What if everyone were good at their jobs?
You would be surrounded by competent, efficient workers. But still something would be missing.
Because being good at a job isn’t what’s really important. At least not in a mechanical sense.
Let me explain.
Everyone’s job has mechanical tasks. Sure, you’re a knowledge worker with a college degree. But you have to do certain tasks.
Filling out spreadsheets. Filing reports. Sending emails. Scheduling meetings. Purchasing supplies. Listening to customer complaints. Organizing tasks. Completing transactions.
All these “things” that we need to do are the mechanics of our jobs.
So it seems obvious that we should put a lot of effort into getting good at those things. That’s what fuels lots of obsession with productivity.
If we could just do more, faster, then we would be good at our jobs. We would be more efficient. More stuff would get “done.”
There is a problem with that line of thinking, though. And it’s this: we are not machines.
In the world of machines, we need maximum utilization. We need to recoup the capital investment and to reduce the cost of goods sold.
That’s the name of the game when you’re pumping out widgets all day.
People have their widgets to produce too. But that probably shouldn’t be the organizing principle for how you view your work.
The organizing principle should probably be effectiveness. Now and in the future.
Your Effectiveness is What Matters
You might be better off thinking about productivity for yourself by thinking about the biggest impact you can produce for your organization, your team, and your own career trajectory.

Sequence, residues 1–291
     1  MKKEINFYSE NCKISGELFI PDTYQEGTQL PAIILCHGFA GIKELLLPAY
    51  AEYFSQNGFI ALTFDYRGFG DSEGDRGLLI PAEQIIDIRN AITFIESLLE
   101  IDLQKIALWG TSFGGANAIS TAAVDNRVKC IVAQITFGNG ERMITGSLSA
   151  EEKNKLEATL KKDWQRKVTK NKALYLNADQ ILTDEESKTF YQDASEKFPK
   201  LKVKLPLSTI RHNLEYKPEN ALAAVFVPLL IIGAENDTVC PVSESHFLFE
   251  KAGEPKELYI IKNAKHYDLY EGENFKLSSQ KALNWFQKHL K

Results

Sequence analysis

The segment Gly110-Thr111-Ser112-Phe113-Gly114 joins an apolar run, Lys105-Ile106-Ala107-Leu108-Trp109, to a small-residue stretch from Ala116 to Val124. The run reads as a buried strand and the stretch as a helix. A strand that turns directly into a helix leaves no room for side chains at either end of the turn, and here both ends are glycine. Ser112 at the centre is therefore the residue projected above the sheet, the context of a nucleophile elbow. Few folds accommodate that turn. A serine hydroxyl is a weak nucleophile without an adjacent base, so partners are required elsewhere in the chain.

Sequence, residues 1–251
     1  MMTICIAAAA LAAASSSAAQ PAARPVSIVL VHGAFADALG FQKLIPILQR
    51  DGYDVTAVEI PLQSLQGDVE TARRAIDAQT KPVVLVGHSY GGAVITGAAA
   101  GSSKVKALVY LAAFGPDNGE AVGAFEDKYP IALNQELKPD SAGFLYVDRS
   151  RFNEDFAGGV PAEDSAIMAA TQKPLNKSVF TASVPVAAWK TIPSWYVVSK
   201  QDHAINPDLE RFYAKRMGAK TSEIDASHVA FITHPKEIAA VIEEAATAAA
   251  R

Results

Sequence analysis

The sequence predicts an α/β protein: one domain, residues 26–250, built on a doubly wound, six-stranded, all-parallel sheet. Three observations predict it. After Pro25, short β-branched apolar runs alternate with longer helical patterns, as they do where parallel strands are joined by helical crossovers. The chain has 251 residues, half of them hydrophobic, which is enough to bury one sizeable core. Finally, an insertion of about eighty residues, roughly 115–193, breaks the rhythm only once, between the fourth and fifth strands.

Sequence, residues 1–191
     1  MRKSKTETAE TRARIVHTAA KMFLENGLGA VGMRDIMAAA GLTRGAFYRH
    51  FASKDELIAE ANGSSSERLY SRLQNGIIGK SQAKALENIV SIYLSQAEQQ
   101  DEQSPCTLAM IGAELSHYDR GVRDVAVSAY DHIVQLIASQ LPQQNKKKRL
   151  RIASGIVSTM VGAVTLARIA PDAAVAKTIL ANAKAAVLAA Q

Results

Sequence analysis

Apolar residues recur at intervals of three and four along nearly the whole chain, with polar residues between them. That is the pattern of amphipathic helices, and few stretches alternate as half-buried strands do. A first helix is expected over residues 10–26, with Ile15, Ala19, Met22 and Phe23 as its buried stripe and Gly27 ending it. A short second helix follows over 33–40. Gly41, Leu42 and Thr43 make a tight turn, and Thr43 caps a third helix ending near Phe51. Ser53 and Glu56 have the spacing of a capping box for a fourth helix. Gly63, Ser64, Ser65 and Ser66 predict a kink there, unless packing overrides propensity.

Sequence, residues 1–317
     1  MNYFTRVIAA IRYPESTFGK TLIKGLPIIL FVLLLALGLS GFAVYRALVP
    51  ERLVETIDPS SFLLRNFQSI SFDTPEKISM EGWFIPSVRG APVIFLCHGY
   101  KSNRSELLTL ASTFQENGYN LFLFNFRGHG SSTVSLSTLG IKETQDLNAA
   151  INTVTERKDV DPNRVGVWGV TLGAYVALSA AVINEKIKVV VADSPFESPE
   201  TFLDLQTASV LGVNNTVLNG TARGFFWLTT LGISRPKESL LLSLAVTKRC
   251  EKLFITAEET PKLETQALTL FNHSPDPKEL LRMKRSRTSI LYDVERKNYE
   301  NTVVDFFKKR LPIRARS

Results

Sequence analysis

Your impact won’t best be measured in widgets. And much of it won’t be measured immediately.
Your impact needs to be bigger than that. You need to grow. A machine doesn’t.
Machines are designed and built for production. Then someone works on the next iteration of the design. One day the new machine replaces the old one, wholesale.
That’s not how people work. Instead, you are always on a journey to improve. (If you’re not on a journey of continual improvement, you risk being replaced one day, wholesale.)
Aiming for Greatness
Aiming higher means maybe worrying a bit less about productivity.
Or, looked at another way, you might want to be super productive in some areas so that you have more freedom to develop in others.
It may be better to optimize your mechanical tasks as much as possible. But then stop there.
Resisting the urge to increase output of mechanical, mundane, necessary-evil, and low-value tasks might be the better strategy. The resulting incremental improvement is just not as impactful as investing in other areas.
What if you used that excess capacity to invest in higher value areas?
Maybe you could re-think some of the mechanical tasks (design the next machine).
You might put more effort into building relationships (crucial to just about any type of knowledge work).
Perhaps you would study new technical areas, business opportunities, or life skills (up your game in some way).
Whatever you did, it is probably going to seem slow, inefficient, and costly. Especially compared to just pumping out more immediate tasks that are highly visible and measurable right now.
But in the long run, it might be just the stuff that matters most in getting you to the next level.
If you take this approach, you are essentially building yourself a new machine while you’re operating the current one. Which is not that easy.
The point isn’t for things to be easy, though. The point is to do hard things that force you to grow.
It’s always about leveling up. Which is why the path of being “busy” and “productive” and “efficient” in the wrong areas could be a mistake.
A strategic approach to being good at your job is the best way to become great at your job. And then to grow to the next job. And so on.